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How did a bee keeper become the world’s first aviation journalist?


The first eyewitness report of the Wright brothers’ pioneering flight is heading for auction next month – although it appears in a truly unlikely source.
Despite being one of the most important events of the 20th century, the first personal account of a powered flight actually appeared in a magazine devoted to bee keeping.

It’s been described as "the most unlikely scoop in journalistic history" – and now a rare copy of the 112-year-old publication is up for sale at Swann Auction Galleries.

After the Wright brothers’ first groundbreaking flight in December 1903, the news of their achievement was leaked by a local telegraph operator to a Virginia newspaper.

Wilbur and Orville Wright

A highly inaccurate third-hand account of the flight then circulated around the country, and the brothers became wary of allowing reporters to cover their experiments.

However, on 20 September 1904, when Wilbur Wright made the first completed circular flight, they invited Amos Ives Root – an Ohio man with a keen interest in both science and bee-keeping.

The brothers asked him to write a personal account of the flight, which he then submitted to Scientific American. But when his report was rejected, he decided to run it in his own magazine instead.

That publication was Gleanings in Bee Culture, a bi-weekly magazine featuring news and articles for bee keepers.

The historic copy of Gleanings in Bee Culture, published January 1, 1905

Each month, amongst the classified adverts for hives and honey, Root wrote his own column entitled ‘Our Homes’, and on January 1, 1905 he dedicated it to the historic moment he had witnessed.

"Dear friends, I have a wonderful story to tell you. . . . God in his great mercy has permitted me to be, at least somewhat, instrumental in ushering in and introducing to the great wide world in invention that may outrank the electric cars, the automobiles, and all other methods of travel. . . . It was my privilege, on the 20th day of September, 1904, to see the first successful trip of an airship, without a balloon to sustain it, that the world has ever made, that is, to turn the corners and come back to the starting-point."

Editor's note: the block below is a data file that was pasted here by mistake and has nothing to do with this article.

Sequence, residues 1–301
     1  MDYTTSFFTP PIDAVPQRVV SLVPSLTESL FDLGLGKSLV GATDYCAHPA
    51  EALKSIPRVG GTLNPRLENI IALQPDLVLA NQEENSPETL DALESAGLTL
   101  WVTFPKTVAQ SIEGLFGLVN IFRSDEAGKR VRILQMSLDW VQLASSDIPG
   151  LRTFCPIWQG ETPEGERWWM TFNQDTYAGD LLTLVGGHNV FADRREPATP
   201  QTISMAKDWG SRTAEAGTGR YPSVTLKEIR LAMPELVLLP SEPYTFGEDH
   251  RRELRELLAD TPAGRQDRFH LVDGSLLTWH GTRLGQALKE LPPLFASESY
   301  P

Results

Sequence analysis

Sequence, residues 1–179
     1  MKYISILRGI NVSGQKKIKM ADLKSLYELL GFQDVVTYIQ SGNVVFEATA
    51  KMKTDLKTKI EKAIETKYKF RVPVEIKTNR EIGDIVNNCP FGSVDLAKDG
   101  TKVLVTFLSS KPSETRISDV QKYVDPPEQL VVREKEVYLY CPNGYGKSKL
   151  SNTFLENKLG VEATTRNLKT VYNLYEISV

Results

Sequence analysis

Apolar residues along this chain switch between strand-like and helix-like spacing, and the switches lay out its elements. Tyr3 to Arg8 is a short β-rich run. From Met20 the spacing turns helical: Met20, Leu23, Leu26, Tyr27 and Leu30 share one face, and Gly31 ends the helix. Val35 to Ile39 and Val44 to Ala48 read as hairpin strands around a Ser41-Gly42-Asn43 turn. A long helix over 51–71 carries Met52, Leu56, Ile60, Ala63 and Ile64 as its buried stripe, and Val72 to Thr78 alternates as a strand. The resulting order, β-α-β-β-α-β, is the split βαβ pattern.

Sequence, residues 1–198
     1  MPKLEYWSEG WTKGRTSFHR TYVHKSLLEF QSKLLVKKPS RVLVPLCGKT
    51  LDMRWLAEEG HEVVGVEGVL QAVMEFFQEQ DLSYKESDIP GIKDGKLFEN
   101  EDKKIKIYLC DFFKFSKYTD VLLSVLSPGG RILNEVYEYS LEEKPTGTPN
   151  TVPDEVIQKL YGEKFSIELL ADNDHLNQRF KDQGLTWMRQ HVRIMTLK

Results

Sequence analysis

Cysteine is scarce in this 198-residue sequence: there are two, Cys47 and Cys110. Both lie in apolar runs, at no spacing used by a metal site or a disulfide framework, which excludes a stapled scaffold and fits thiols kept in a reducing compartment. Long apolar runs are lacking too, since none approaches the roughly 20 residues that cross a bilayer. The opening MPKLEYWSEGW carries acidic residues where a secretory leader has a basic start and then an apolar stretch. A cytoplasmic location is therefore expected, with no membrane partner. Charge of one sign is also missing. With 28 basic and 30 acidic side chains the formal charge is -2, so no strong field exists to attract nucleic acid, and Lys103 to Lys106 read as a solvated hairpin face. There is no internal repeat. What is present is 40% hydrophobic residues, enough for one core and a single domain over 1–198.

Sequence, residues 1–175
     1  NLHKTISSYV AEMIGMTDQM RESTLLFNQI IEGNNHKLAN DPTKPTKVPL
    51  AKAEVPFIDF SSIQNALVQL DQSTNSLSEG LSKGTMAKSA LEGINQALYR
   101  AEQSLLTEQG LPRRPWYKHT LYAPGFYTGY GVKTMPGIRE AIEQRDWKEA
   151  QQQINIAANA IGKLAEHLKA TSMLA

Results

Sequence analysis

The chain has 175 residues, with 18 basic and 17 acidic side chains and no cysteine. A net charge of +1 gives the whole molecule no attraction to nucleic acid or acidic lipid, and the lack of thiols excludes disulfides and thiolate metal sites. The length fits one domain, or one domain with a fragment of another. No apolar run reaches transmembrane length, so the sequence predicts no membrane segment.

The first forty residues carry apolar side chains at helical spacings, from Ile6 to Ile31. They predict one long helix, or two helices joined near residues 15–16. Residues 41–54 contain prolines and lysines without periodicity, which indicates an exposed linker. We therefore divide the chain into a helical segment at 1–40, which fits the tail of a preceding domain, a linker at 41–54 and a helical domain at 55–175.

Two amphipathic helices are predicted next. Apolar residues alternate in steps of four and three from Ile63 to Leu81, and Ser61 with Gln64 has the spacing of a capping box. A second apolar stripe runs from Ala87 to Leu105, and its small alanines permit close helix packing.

Root’s religious beliefs shine through in the article, as he begins with the biblical quote "What hath God wrought?", and as an advocate for temperance he later added the wise opinion that "no drinking man should ever be allowed to undertake to run a flying-machine."

Amos Root in the passenger seat of a Wright model-B airplane at the Medina county fair, circa 1915

It was also clear to Root that he had witnessed something that would change the world as he knew it:

"…these brothers have probably not even a faint glimpse of what their discovery is going to bring to the children of men. No one living can give a guess of what is coming along this line, much better than anyone living could conjecture the final outcome of Columbus’ experiment…."

Through his natural curiosity, and his friendship with the Wright brothers, Amos Root developed a fascination with flight which lasted the rest of his life.

Today he can be viewed as the first true American aviation journalist, and his writing on the earliest days of flight remains a highly important historical record.

The archive featuring 14 original issues of Gleanings in Bee Culture, dating from October 1904 to May 1905, is expected to fetch up to $2,500 when it crosses the block in New York on September 28.


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